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Tuesday, April 19, 2011

Wrongly convicted Texas man owed $1.8 mil under new law

DALLAS (NNPA) - Thomas McGowan's journey from prison to prosperity is about to culminate in $1.8 million, and he knows just how to spend it: A house with three bedrooms, stainless steel kitchen appliances and a washer and dryer.
“I'll let my girlfriend pick out the rest,” said Mr. McGowan, who was exonerated last year based on DNA evidence after spending nearly 23 years in prison for rape and robbery.t_mcgowan09-29-2009.jpg
He and other exonerees in Texas, which leads the nation in freeing the wrongly convicted, soon will become instant millionaires under a new state law that recently took effect.
Exonerees will get $80,000 for each year they spent behind bars. The compensation also includes lifetime annuity payments that for most of the wrongly convicted are worth between $40,000 and $50,000 a year—making it by far the nation's most generous package.
“I'm nervous and excited,” said Mr. McGowan, 50. “It's something I never had, this amount of money. I didn't have any money—period.”
His payday for his imprisonment—a time he described as “a nightmare,” “hell” and “slavery”—should come by mid-November after the state's 45-day processing period.
Exonerees receive an array of social services, including job training, tuition credits and access to medical and dental treatment. Though 27 other states have some form of compensation law for the wrongly convicted, none comes close to offering the social services and money Texas provides.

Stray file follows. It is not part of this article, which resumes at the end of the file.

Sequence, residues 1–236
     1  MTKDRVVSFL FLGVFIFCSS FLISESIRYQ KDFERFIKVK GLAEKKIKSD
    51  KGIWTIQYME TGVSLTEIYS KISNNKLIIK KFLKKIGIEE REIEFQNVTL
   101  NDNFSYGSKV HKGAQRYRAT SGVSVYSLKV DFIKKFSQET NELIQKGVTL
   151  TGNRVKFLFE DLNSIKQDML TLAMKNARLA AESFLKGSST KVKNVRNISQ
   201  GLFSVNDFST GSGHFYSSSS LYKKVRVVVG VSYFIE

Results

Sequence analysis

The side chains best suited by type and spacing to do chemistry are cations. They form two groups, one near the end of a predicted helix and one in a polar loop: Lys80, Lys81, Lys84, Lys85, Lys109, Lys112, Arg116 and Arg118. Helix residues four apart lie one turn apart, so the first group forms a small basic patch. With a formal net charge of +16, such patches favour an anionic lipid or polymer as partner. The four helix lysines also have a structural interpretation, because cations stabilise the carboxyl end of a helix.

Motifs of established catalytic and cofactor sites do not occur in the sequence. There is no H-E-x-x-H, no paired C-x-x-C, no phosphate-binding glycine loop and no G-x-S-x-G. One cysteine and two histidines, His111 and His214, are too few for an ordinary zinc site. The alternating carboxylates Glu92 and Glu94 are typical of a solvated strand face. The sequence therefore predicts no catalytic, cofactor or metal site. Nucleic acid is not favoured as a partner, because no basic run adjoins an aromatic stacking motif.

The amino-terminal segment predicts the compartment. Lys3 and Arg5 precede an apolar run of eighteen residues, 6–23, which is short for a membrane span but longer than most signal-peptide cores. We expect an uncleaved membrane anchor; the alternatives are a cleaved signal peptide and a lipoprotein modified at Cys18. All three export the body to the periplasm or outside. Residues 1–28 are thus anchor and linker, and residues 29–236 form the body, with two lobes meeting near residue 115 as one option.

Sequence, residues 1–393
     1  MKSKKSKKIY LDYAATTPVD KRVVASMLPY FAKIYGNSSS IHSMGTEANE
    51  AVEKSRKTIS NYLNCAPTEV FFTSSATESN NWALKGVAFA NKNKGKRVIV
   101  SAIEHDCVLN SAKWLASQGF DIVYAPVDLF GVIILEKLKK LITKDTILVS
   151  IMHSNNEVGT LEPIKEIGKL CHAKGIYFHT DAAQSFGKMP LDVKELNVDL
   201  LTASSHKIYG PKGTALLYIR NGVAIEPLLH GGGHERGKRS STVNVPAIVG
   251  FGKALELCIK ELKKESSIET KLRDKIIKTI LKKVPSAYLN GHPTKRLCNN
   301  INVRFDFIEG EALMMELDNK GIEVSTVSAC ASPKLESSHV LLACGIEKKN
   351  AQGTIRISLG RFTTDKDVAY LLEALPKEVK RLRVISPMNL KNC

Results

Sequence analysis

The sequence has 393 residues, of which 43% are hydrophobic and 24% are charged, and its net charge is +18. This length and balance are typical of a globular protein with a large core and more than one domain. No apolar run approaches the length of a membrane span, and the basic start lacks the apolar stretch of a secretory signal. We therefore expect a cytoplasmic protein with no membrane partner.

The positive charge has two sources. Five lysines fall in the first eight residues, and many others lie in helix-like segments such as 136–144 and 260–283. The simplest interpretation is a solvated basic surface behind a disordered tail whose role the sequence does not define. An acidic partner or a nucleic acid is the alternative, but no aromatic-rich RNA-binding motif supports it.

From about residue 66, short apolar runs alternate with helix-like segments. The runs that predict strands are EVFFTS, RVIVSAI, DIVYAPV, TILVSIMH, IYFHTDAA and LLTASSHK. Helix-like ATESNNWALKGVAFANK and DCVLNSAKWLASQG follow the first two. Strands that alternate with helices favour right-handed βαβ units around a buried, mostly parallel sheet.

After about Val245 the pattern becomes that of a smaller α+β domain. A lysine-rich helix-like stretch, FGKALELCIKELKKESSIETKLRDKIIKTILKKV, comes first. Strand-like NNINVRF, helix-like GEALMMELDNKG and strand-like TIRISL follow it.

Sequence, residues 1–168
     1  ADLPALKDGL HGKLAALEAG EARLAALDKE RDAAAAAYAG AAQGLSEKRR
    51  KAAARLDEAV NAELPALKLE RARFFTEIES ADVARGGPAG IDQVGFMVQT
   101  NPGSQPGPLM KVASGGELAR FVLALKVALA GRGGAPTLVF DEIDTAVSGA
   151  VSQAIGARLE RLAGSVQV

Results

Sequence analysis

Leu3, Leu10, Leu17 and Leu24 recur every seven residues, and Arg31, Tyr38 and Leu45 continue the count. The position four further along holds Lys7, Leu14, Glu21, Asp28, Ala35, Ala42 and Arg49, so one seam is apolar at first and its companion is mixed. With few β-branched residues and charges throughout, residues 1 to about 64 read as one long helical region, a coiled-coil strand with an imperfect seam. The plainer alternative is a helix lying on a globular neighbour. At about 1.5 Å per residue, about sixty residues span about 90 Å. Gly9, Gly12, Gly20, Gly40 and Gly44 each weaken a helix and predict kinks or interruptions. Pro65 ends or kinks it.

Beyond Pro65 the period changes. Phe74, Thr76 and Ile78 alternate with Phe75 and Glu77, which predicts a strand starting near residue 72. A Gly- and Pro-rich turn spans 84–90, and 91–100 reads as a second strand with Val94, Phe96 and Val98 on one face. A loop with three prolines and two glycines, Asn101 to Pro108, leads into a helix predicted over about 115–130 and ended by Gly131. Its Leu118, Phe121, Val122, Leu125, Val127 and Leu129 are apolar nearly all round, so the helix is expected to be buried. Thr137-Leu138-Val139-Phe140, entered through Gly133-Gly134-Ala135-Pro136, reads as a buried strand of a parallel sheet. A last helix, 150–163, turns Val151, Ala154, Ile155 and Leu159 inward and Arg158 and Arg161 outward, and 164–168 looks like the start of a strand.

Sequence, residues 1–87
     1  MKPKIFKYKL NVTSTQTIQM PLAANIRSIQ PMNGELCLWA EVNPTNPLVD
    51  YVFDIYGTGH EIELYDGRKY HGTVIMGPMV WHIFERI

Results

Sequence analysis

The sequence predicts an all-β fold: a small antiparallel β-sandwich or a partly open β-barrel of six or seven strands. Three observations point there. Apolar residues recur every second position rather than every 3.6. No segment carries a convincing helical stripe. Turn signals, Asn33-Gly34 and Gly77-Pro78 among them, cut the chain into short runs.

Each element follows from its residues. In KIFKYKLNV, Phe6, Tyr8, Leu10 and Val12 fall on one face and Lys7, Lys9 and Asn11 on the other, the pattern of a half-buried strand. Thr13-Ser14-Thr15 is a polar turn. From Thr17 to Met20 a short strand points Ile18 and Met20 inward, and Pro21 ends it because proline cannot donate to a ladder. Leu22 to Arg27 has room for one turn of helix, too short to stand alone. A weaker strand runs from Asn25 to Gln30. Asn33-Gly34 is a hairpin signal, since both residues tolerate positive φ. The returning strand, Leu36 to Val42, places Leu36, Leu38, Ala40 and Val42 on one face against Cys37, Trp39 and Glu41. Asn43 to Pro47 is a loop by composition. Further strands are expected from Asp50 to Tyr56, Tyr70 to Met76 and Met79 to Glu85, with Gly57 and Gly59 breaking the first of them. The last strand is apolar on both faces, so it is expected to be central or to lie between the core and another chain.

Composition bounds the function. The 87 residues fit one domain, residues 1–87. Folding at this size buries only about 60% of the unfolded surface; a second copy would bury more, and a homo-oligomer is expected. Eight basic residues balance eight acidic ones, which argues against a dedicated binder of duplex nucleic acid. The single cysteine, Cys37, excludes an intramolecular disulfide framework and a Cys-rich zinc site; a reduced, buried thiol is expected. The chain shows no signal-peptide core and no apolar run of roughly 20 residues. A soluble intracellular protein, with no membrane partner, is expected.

The annuity payments are especially popular among exonerees, who acknowledge their lack of experience in managing personal finances. A social worker who meets with the exonerees is setting them up with financial advisers and has led discussions alerting them to swindlers.
The annuities are “a way to guarantee these guys ... payments for life as long as they follow the law,” said Kevin Glasheen, a Lubbock attorney representing a dozen exonerees.
Two who served about 26 years in prison for rape will receive lump sums of about $2 million apiece. Another, Steven Phillips, who spent about 24 years in prison for sexual assault and burglary, will get about $1.9 million.
The biggest compensation package will likely go to James Woodard, who spent more than 27 years in prison for a 1980 murder that DNA testing later showed he did not commit. He eventually could receive nearly $2.2 million but first needs a writ from the state's Court of Criminal Appeals or a pardon from the governor.
Mr. McGowan and the others are among 38 DNA exonerees in Texas, according to the Innocence Project, a New York legal center that specializes in overturning wrongful convictions. Dallas County alone has 21 cases in which a judge overturned guilty verdicts based on DNA evidence, though prosecutors plan to retry one of those.
Exonerees who previously collected lump sum payments under an old compensation law are ineligible for the new lump sums but will receive the annuities. Whether the money will be subject to taxes remains unsettled, Atty. Glasheen said.
The monthly payments are expected to be a lifeline for exonerees like Wiley Fountain, 53, who received nearly $390,000 in compensation—minus federal taxes—but squandered it by, as he said, “living large.” He ended up homeless, spending his nights in a tattered sleeping bag behind a liquor store.
But after getting help from fellow exonerees and social workers, Mr. Fountain now lives in an apartment and soon will have a steady income.
Mr. Fountain's story is a cautionary tale for the other exonerees, who meet monthly and lately have been discussing the baggage that comes with the money.

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